While our physical offices are closed until further notice in accordance with Austin's COVID-19 "stay home-work safe" order, the Handbook of Texas will remain available at no-cost for you, your fellow history enthusiasts, and all Texas students currently mandated to study from home. If you have the capacity to help us maintain our online Texas history resources during these uncertain times, please consider making a 100% tax-deductible contribution today. Thank you for your support of TSHA and Texas history. Donate Today »

HIDE AND TALLOW TRADE

Hortense Warner Ward

HIDE AND TALLOW TRADE. Hide and tallow factories flourished on the Texas coast, particularly in Aransas County, from 1840 to 1880, but chiefly from the Mexican War to 1875. Those in existence before 1845 were of negligible importance. An English firm, Jones and Company, did business at Liberty Landing in 1840, about the same time that Richard Grimes and his son, Bradford, had another packery on Trespalacios Creek in Matagorda County.

During the Mexican War and the Civil War herds of cattle and horses roamed untended upon the coastal prairies. By 1865 they represented the war-ravaged Southwest's only negotiable medium, but transportation difficulties and lack of markets made shipment of stock unprofitable. The cattlemen discovered the eastern market for hides, bones, tallow, and horns, items then far more valuable than the animal on the hoof. No shipping difficulties were involved, since transportation was by water. Every cattleman of any importance soon built a factory to process not only his own herds but those of smaller ranchers. Rockport and Fulton were the centers of greatest activity.

Carcasses of hundreds of thousands of cattle and mustangs were reduced to tallow in the great boilers. Hides were cured and shipped east with the bones and horns. Occasionally attempts were made to preserve some of the meat, but lack of refrigeration made this part of the business impractical, although factories, at times, were referred to as packeries. By 1870 the factories were slaughtering thousands of head of stock every month, and newspapers carried warnings to cattlemen that their herds were in danger of depletion. Nature took a hand to end the uncontrolled slaughter. The winters of 1872 and 1873 were of unprecedented severity, and thousands of cattle died. Hide peelers added to the destruction by despoiling the diminishing herds. The slaughter continued unabated, however, until 1875, when it was apparent that there were no more heavy cattle to supply the boilers. Many factories were abandoned and left to fall into ruin, though some continued operation on a small scale until 1880. By 1991 production had revived, and Texas exported tallow and lard valued at $68.6 million. Cattle were also included in the $237 million earned in the hide and skin export business.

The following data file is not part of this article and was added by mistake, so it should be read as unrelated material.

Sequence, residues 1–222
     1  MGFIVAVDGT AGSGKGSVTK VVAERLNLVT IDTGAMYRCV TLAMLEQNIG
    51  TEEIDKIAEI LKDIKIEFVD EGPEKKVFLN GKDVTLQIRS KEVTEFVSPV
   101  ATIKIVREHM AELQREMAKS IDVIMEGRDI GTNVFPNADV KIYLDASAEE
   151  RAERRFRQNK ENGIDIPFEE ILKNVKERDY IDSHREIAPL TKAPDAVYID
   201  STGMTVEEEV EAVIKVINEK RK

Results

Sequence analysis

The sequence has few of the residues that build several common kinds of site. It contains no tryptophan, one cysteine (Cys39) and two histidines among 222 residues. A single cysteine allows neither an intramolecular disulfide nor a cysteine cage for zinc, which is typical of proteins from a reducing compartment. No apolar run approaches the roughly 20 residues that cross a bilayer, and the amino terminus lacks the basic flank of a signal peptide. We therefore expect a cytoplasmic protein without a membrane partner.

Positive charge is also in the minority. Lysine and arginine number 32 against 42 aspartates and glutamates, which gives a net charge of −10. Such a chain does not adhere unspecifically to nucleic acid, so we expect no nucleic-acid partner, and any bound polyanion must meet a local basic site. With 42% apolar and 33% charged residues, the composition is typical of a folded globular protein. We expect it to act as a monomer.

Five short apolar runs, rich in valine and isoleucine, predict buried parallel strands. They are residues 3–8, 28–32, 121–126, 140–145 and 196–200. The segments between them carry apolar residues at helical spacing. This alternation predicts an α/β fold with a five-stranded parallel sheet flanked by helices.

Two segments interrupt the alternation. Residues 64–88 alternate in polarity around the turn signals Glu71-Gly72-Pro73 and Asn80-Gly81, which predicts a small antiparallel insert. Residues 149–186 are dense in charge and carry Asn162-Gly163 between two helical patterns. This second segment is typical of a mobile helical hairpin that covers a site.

BIBLIOGRAPHY: 
Cattleman, February 1948. C. L. Douglas, Cattle Kings of Texas (Dallas: Baugh, 1939; rpt., Fort Worth: Branch-Smith, 1968).

Image Use Disclaimer

All copyrighted materials included within the Handbook of Texas Online are in accordance with Title 17 U.S.C. Section 107 related to Copyright and “Fair Use” for Non-Profit educational institutions, which permits the Texas State Historical Association (TSHA), to utilize copyrighted materials to further scholarship, education, and inform the public. The TSHA makes every effort to conform to the principles of fair use and to comply with copyright law.

For more information go to: http://www.law.cornell.edu/uscode/17/107.shtml

If you wish to use copyrighted material from this site for purposes of your own that go beyond fair use, you must obtain permission from the copyright owner.

Citation

The following, adapted from the Chicago Manual of Style, 15th edition, is the preferred citation for this article.

Handbook of Texas Online, Hortense Warner Ward, "HIDE AND TALLOW TRADE," accessed July 09, 2020, http://www.tshaonline.org/handbook/online/articles/dfh01.

Uploaded on June 15, 2010. Published by the Texas State Historical Association.
visit the mytsha forums to participate

View these posts and more when you register your free MyTSHA account.

Call for Papers: Texas Center for Working-Class Studies Events, Symposia, and Workshops
Hi all! You may be interested in this call for papers I received from the Texas Center for Working-Class Studies at Collin College...

Katy Jennings' Ride Scholarly Research Request
I'm doing research on Catherine Jennings Lockwood, specifically the incident known as "Katy Jennings' Ride." Her father was Gordon C. Jennings, the oldest man to die at the Alamo...

Texas Constitution of 1836 Co-Author- Elisha Pease? Ask a Historian
The TSHA profile of Elisha Marshall Pease states that he wrote part of the Texas Constitution although he was only a 24 year-old assistant secretary (not elected). I cannot find any other mention of this authorship work by Pease in other credible research about the credited Constution authors...